The Supreme Court's composition is about to change. Supporters of abortion are panicking

Last week, Supreme Court Justice Anthony Kennedy announced his retirement. That means President Donald Trump will be able to appoint yet another justice to the Court, which will no doubt inflame his critics even further. Setting the circus of partisan politics aside, what does Kennedy’s departure mean for the American people?

On social issues, Kennedy was moderate-to-progressive. He reaffirmed the 1973 Roe v. Wade decision – which effectively defined access to abortion as a constitutional right – by voting with the majority in the 1992 case Planned Parenthood v. Casey. He voted with the majority in the 2016’s Obergefell v. Hodges, which enshrined a constitutional right for same-sex couples to marry. He also wrote the majority opinion for the Masterpiece Cakeshop, Ltd. v. Colorado Civil Rights Commission, which was decided earlier this month, and neither affirmed nor denied the Christian baker’s right to refuse to bake a cake for a same-sex wedding.

Glancing over the most-touted candidates, odds are that Kennedy’s replacement will have strong social-conservative credentials. Trump’s first appointment, Neil Gorsuch, was given a hero’s welcome by traditional Christians. Before his appointment, he defended the Little Sisters of the Poor against the Obama administration’s healthcare mandate, which required employers to provide contraceptives to their workers. He’s also a trenchant critic of euthanasia.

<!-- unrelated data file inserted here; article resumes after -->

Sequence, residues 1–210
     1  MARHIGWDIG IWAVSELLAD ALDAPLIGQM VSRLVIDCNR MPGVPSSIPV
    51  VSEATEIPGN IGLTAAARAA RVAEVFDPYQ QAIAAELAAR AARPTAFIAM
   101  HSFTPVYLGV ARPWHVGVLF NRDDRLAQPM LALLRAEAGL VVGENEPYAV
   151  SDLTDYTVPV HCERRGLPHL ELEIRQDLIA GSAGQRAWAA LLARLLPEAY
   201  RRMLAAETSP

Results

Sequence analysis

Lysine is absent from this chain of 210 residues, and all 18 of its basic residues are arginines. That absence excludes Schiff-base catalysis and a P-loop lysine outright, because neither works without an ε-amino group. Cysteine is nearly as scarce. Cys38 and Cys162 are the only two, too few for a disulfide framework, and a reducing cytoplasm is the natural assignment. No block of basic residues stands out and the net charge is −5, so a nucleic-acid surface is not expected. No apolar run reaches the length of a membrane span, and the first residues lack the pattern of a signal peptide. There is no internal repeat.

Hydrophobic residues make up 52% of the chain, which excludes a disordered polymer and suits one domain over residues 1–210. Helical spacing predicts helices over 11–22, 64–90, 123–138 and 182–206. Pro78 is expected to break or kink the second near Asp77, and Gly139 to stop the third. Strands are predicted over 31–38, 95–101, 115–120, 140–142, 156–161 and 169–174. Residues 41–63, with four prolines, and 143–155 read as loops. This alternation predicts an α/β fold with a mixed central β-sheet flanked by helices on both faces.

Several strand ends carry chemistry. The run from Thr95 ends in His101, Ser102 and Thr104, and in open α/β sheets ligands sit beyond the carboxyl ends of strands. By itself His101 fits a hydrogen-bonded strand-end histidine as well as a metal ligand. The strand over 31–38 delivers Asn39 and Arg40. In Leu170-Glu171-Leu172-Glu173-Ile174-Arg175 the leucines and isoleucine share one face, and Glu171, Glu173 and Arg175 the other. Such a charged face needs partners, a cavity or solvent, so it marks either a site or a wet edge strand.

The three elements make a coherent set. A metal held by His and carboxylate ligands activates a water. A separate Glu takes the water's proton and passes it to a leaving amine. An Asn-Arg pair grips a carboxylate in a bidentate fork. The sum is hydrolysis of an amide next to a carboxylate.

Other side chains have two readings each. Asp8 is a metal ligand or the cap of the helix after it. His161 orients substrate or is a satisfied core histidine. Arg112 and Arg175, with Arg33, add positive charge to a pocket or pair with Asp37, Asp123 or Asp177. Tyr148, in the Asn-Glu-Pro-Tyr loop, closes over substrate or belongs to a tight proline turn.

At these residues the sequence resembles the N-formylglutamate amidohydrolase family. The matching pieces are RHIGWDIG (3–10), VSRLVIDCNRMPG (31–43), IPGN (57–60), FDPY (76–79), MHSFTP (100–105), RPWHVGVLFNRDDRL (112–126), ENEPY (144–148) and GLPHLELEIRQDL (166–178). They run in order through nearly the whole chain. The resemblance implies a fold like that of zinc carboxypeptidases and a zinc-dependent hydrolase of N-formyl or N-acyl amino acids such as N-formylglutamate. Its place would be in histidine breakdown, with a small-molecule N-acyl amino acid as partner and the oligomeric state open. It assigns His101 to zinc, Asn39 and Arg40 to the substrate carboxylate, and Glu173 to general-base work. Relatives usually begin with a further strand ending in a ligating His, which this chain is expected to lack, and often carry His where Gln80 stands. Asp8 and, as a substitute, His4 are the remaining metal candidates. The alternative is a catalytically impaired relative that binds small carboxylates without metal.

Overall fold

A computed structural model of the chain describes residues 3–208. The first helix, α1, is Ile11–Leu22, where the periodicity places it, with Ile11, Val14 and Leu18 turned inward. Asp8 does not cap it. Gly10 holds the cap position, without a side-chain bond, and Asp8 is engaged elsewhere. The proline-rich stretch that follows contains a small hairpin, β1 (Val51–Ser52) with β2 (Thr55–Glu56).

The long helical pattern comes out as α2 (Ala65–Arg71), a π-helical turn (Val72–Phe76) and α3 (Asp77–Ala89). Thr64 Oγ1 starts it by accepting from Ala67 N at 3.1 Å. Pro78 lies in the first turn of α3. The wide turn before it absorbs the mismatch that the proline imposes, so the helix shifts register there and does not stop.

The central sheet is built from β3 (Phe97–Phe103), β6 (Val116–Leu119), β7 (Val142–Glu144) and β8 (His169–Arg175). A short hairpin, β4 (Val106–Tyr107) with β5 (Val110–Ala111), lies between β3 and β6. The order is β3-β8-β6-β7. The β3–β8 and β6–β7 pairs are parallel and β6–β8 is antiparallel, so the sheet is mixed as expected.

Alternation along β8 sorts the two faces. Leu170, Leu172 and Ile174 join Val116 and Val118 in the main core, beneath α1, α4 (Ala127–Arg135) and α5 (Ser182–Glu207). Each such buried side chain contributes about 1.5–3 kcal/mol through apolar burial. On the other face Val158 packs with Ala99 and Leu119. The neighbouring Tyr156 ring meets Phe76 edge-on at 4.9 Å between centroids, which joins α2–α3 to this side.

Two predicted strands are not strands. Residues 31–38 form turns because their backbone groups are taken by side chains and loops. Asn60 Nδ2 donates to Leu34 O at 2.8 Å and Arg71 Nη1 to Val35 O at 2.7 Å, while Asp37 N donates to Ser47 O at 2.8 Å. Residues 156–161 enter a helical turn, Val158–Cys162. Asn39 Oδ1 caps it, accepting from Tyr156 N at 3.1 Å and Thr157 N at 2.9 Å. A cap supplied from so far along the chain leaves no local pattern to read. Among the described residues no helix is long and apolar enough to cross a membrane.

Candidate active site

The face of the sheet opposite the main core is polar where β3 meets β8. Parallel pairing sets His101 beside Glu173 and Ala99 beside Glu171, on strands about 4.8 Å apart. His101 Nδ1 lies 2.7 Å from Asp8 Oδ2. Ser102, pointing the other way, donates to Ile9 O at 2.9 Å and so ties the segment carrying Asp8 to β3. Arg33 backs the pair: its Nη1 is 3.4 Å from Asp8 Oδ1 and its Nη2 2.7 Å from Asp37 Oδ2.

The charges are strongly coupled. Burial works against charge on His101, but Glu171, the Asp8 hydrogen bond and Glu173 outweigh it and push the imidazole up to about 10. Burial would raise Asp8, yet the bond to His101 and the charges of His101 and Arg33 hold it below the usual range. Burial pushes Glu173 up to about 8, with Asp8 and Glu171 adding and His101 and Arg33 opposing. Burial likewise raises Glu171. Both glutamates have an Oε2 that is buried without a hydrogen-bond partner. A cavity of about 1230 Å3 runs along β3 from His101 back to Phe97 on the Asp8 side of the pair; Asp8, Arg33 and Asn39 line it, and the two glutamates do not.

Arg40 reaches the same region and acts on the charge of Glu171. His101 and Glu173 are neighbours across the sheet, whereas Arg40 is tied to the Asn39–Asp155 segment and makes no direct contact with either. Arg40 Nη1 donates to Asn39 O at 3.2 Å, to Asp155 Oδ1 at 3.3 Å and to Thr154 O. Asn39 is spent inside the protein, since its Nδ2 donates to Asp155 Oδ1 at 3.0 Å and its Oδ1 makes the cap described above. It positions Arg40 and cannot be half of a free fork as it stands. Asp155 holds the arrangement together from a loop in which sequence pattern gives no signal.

While Trump vowed to only appoint pro-life justices, Gorsuch’s opinions on abortion are completely unknown, and he’s never ruled on a case concerning life issues. Still, observers generally agree that he would vote to overturn Roe.

Gorsuch filled the seat left vacant by the death of Antonin Scalia: one of the most conservative justices in the Court’s history. The conservative-to-progressive ratio, therefore, didn’t change. But if Trump’s next nominee is as reliably conservative as his first, and if the Senate approves, conservatives will have a reliable 5-4 majority.

As far as pro-lifers are concerned, this is an opportune moment to shift the balance of power. As the Catholic Herald reported in May, social conservatives in state legislatures have been pushing legislation that would radically restrict access to abortion. Their hope is that opposition from lower courts will be kicked up to the Supreme Court, giving them a chance to challenge Roe.

That’s not all. Trump may have assured voters during the 2016 campaign that the issue of same-sex marriage was “settled”, but the plaintiff, James Obergefell, isn’t convinced. “I have to believe that there are people behind him pushing him that will force this issue and bring this back up for a vote, or for a hearing, and that really concerns me,” he told CNN last week.

Obergefell is right to be concerned. Justices Samuel Alito, John Roberts, and Clarence Thomas all dissented from the Obergefell decision and are still on the court. If it was challenged, Gorsuch and Kennedy’s unnamed replacement would probably be disposed to overturn it.

It was inconceivable just three years ago that both Roe and Obergefell would be struck down within the decade. Now, defenders of both those judgments are panicking – and rightly.